Vivian Wu Studies Health Care Pricing
Vivian Wu Studies Health Care Pricing
By Anna Cearley
A study by USC School of Policy, Planning, and Development professor Vivian Wu finds that despite the increasing clout of HMOs in the 1990s, hospitals maintained a dominant position in determining health care pricing decisions.
The research is timely as the country reevaluates its health care system to extend coverage to the uninsured and considers whether to introduce a public health insurance option. The findings, in effect, provide a glimpse of how hospitals might adapt or react to other external pressures on heath care pricing.
Wu’s research – which appears in the March issue of the International Journal of Health Care Finance and Economics – looked at how cuts in the public insurance program Medicare lead to payment changes in the private plans in the aftermath of the 1997 Balanced Budget Act.
The act aimed to cut $115 billion dollars in Medicare spending growth, primarily through eliminating certain reimbursements for inpatient, long-term hospital services and outpatient department. To analyze the cuts, Wu used new data and improved methodology to determine how hospitals made up for the lost funding.
Her findings: 21 percent of the Medicare budget cuts were shifted to private insurance plans, which could then be passed on to people who have their own health plans, in a process known commonly as cost shifting.
Her estimates are lower than what some previous studies have come up with, but Wu said she used different methodology to try and eliminate other factors that might have pulled up the numbers.
“The amount is actually quite significant when you consider the environment hospitals were operating under the 1990s when managed care was believed to be dominant and powerful,” she said. “At that time, this was the first big Medicare cut in the HMO-dominated environment and few believed that hospitals could do this kind of cost shifting.”
Wu is a senior research faculty member with USC’s newly formed Leonard D. Schaeffer Center for Health Policy and Economics, which is conducting research and policy analysis to support evidence-based health care reform.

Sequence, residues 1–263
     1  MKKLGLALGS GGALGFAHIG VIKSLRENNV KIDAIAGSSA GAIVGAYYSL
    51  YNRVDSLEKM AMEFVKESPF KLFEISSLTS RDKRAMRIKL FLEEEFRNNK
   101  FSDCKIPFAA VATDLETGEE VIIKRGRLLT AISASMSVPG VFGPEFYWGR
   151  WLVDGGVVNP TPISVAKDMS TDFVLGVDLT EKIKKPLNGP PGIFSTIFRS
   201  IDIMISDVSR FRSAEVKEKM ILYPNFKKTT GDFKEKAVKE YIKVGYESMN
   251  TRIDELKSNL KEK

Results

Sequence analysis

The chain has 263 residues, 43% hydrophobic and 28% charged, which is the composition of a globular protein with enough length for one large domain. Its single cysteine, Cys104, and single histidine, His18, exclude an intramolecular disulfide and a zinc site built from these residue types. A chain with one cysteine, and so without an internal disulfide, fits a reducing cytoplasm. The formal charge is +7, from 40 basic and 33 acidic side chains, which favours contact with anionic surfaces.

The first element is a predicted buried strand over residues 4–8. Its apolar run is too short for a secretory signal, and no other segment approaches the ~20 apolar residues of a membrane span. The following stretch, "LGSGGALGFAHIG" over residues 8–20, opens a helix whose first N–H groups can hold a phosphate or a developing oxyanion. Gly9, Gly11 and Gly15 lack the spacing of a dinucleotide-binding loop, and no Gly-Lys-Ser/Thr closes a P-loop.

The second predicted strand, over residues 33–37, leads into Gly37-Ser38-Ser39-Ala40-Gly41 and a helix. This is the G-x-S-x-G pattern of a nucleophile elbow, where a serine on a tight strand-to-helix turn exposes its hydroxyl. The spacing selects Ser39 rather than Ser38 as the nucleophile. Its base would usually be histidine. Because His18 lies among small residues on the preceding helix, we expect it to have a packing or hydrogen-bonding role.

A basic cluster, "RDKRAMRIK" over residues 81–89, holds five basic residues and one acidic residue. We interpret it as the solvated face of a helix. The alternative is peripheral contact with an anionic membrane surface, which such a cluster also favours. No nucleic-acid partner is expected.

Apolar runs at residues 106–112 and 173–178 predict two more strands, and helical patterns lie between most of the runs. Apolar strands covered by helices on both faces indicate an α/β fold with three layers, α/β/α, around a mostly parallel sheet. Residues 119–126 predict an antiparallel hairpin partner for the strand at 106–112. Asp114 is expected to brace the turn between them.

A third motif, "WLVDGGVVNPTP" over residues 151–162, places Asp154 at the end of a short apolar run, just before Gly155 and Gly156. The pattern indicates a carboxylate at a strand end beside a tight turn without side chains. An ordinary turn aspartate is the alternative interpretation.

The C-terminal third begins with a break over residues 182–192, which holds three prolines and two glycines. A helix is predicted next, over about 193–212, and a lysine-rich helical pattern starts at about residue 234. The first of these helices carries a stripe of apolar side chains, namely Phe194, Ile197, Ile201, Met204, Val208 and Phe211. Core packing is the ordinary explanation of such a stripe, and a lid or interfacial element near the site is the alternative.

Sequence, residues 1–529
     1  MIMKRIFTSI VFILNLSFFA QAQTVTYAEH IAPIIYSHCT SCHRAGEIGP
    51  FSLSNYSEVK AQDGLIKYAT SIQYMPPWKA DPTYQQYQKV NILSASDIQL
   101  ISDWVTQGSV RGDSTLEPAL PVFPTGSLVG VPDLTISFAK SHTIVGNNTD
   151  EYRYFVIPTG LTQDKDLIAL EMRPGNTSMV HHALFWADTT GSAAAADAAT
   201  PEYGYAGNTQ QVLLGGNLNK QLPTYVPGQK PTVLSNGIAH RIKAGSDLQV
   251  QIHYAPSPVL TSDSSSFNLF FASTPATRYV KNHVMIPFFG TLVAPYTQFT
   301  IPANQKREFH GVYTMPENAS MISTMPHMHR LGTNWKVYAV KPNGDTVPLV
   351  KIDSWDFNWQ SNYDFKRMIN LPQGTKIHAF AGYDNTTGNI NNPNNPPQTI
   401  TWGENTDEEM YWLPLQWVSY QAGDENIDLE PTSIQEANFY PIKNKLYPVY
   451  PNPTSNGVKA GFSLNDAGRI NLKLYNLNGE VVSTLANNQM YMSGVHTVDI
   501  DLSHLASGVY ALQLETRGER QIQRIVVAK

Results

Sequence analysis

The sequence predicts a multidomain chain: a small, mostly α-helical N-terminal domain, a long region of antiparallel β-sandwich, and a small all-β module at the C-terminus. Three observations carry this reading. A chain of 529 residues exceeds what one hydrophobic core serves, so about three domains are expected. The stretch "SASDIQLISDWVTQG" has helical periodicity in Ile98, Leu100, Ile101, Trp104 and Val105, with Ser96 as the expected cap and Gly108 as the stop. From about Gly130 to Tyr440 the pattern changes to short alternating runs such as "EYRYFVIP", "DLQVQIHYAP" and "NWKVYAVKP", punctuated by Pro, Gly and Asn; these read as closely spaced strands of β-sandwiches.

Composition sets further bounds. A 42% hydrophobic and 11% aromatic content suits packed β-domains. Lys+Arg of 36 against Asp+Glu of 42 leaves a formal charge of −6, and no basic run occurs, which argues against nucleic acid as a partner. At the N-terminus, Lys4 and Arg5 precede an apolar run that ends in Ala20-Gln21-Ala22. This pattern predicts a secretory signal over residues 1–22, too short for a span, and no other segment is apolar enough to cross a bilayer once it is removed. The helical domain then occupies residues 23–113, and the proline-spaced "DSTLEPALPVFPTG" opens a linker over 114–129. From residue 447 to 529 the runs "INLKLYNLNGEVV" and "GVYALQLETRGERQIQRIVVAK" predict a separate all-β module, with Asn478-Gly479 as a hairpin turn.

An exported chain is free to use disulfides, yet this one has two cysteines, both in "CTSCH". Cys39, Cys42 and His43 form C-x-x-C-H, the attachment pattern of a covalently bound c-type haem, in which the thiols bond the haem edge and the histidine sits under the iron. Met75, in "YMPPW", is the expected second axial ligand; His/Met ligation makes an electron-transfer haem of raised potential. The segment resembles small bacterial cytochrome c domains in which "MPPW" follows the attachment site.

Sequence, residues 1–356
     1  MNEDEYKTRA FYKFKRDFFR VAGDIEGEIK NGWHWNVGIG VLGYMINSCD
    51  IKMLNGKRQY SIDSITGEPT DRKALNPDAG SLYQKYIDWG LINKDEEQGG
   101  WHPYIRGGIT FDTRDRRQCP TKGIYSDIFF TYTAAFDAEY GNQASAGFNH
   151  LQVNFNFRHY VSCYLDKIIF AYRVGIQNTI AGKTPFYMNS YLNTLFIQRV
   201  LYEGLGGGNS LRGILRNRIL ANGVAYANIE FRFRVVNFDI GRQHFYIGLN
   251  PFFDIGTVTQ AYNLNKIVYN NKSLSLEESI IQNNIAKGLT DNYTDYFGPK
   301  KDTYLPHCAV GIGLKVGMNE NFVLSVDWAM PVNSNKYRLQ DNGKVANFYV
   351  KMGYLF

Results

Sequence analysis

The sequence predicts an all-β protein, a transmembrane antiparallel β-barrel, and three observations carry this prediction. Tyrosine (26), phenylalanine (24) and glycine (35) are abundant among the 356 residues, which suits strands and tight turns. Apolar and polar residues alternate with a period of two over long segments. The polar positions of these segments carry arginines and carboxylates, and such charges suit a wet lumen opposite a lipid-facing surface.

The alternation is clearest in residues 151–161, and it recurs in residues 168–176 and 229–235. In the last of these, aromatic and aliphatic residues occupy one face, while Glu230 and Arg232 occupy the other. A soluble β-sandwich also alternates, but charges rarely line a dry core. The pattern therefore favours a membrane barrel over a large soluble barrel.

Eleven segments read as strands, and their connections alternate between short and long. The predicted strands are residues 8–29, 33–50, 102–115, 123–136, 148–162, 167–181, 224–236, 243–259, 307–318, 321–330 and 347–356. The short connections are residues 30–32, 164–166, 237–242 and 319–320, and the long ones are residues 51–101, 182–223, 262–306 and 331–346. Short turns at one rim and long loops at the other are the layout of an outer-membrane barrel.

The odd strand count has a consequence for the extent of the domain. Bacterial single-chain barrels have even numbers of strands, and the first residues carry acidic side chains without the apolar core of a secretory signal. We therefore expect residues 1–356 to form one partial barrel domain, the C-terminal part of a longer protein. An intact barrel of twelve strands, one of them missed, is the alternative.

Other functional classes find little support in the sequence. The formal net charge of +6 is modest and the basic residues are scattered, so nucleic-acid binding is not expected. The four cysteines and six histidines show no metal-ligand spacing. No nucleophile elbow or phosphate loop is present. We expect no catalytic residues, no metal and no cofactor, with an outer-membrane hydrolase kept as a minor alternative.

Wu said that her research shows that hospitals have a large amount of market power, even though many believed that HMOs have had the upper hand in pricing negotiations. Since HMO power has waned in recent years, she said, this also would indicate that hospitals’ pricing power is even stronger these days.
This means that that any future cost reductions are also likely to be passed on to private insurance plans, which in turn will charge consumers higher premiums.
Wu’s research finds that cost shifting is mainly dependent on how much a hospital relies on private insurers.
Hospitals that rely less on Medicare typically shifted their funding mechanisms. In those cases, up to 37 percent of the 1997 cuts were transferred to private payers through higher payments.
These hospitals, typically located in higher-income areas, have a greater bargaining power because private payers value these hospitals more, Wu said, and that means hospitals can negotiate for higher prices.
Hospitals that relied more on Medicare funds – which are typically those in urban, lower-income communities – ended up struggling financially since they were limited in their abilities to shift the cost differences and since they have lower bargaining power.
However, Wu’s research also determined that in certain cases the presence of for-profit hospitals influenced how other hospitals reacted to the 1997 Medicare cuts.
“If we look at a geographic region that is predominantly dominated by ‘for-profit’ hospitals, all the other hospitals in that area tended to react similarly in not raising the rates as much,” Wu said. “The study shows that for-profit hospitals carry some influence in the market that exceeds what may be initially construed by looking at their overall market share.”